Saturday, May 3, 2008

Remembering the Norfolk & Western Strike of 1978

Thirty years ago this coming July, the Brotherhood of Railway and Airline Clerks (BRAC), after more than a year and a half of negotiations, called a company-wide strike against the Norfolk & Western Railway. In Portsmouth, BRAC members were joined by other union railroad workers who refused to cross picket lines, bringing the N&W yard and repair shops in the city to a virtual standstill. As the N&W's management implemented their strike contingency plans, the trains would start moving again – salaried N&W officials and non-union workers would attempt to keep the railway in operation in an effort to break the strike.

The N&W in 1978 was one of the few American rail companies operating with a large profit. As the ninth largest railroad in the nation, the N&W operated 7,000 miles of track, connecting 14 states and Canada, with the bulk of its business (40% of its annual revenue) being the transportation of coal from the mines of East Tennessee, Virginia, West Virginia, Kentucky, and Ohio. The N&W also did significant business with US automakers in Detroit, running nearly forty special "run-through" trains that bypassed many regular stops. Portsmouth was home to one of the largest locomotive and car repair shops of the N&W because of its central location on the main N&W line, which connected the south east coast and the coal fields of southern Appalachia to Chicago and Detroit.

N&W's success in a time of woe for many other railroads has been attributed to increasing demand for coal in the early 1970s, as well as the leadership of John P. Fishwick, who became President and CEO of the company in 1970. Fishwick, along with Southern Pacific and the Southern Railway, pioneered the introduction of computers to help schedule its labor crew and its fleet of trains. Fishwick's computerization efforts, which contributed to his general policy of cutting employment levels, was believed by many Wall Street analysts to be the secret to his success. In 1971, after his first year on the job, N&W posted a $68 million profit. Between 1971 and 1978, N&W cut its payroll by nearly 15 percent and increased by a third their gross tonnage shipped per man-hour. In 1977, a year before the strike, N&W posted a profit of $103 million.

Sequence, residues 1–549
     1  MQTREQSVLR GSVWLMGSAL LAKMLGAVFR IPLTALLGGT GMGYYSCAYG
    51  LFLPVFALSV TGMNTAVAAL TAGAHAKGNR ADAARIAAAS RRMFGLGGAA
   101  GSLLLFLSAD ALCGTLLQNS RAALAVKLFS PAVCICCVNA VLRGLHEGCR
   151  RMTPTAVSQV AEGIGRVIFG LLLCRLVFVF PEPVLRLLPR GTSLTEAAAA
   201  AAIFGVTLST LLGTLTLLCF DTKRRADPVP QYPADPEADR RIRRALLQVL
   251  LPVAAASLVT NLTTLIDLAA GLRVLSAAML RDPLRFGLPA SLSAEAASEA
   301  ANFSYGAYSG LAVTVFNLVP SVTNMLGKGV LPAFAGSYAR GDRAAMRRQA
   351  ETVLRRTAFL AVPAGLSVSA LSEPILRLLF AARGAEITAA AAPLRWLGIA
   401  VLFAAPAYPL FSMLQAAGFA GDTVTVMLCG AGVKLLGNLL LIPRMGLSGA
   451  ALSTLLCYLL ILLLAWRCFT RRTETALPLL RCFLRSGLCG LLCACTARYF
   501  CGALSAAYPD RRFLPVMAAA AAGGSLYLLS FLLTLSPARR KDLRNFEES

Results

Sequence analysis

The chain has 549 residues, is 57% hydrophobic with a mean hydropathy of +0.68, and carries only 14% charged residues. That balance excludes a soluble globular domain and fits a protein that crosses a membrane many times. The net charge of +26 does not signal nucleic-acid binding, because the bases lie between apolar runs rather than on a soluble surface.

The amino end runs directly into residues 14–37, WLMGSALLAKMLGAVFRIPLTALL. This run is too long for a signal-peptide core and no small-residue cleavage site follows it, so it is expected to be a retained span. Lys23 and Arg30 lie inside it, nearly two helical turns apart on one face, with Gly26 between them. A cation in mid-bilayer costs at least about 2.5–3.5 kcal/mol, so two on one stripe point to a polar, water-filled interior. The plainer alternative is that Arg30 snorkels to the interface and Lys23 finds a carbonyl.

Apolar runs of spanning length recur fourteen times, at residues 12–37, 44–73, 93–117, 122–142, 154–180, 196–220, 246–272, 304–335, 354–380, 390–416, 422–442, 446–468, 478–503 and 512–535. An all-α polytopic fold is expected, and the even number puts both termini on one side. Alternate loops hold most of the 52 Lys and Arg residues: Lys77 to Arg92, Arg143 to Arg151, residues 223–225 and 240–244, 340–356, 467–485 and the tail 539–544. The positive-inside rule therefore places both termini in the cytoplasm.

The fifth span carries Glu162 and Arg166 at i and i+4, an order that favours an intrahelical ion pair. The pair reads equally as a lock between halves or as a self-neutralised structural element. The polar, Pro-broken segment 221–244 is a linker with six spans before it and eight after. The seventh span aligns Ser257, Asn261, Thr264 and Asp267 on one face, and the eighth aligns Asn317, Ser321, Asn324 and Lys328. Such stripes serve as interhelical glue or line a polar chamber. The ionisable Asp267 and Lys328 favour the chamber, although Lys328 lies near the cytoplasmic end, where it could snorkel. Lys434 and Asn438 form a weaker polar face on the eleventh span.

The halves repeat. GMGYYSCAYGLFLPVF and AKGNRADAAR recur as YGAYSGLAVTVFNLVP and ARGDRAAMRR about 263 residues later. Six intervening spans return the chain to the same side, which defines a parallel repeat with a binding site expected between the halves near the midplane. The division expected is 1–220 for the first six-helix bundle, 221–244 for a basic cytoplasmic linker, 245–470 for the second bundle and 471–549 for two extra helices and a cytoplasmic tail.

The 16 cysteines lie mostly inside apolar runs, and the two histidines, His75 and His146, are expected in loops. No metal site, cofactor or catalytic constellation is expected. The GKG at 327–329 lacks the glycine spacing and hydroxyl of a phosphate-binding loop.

Fishwick's cost-cutting efforts, particularly in the area of computerization and job cuts, while posting significant profits, set off a series of conflicts with the various railroad unions. At a time of record high inflation and with clerks being especially impacted by the job cuts accompanying computerization, BRAC began demanding significant pay raises and expanded job security clauses in their contract.

By 1978, N&W's Fishwick was willing to risk a strike in order to block BRAC's demands. He had good reason to believe N&W could weather any such work stoppage. The railroad industry had organized to deal with the costs and disturbances of strikes. The Association of American Railroads had created the National Railway Labor Conference (NRLC), a coalition of 74 railroad companies, which set up a strike insurance program known as the Services Interruption Policies, which gave N&W access to an $800,000 a day mutual aid fund; the program also provided for the "interchanging" of equipment, employees, and services, including freight contracts. Fishwick's computerization efforts had also included the creation of a non-contract supervisory employee database, which could be used during a work stoppage to make job assignments across the whole N&W operation.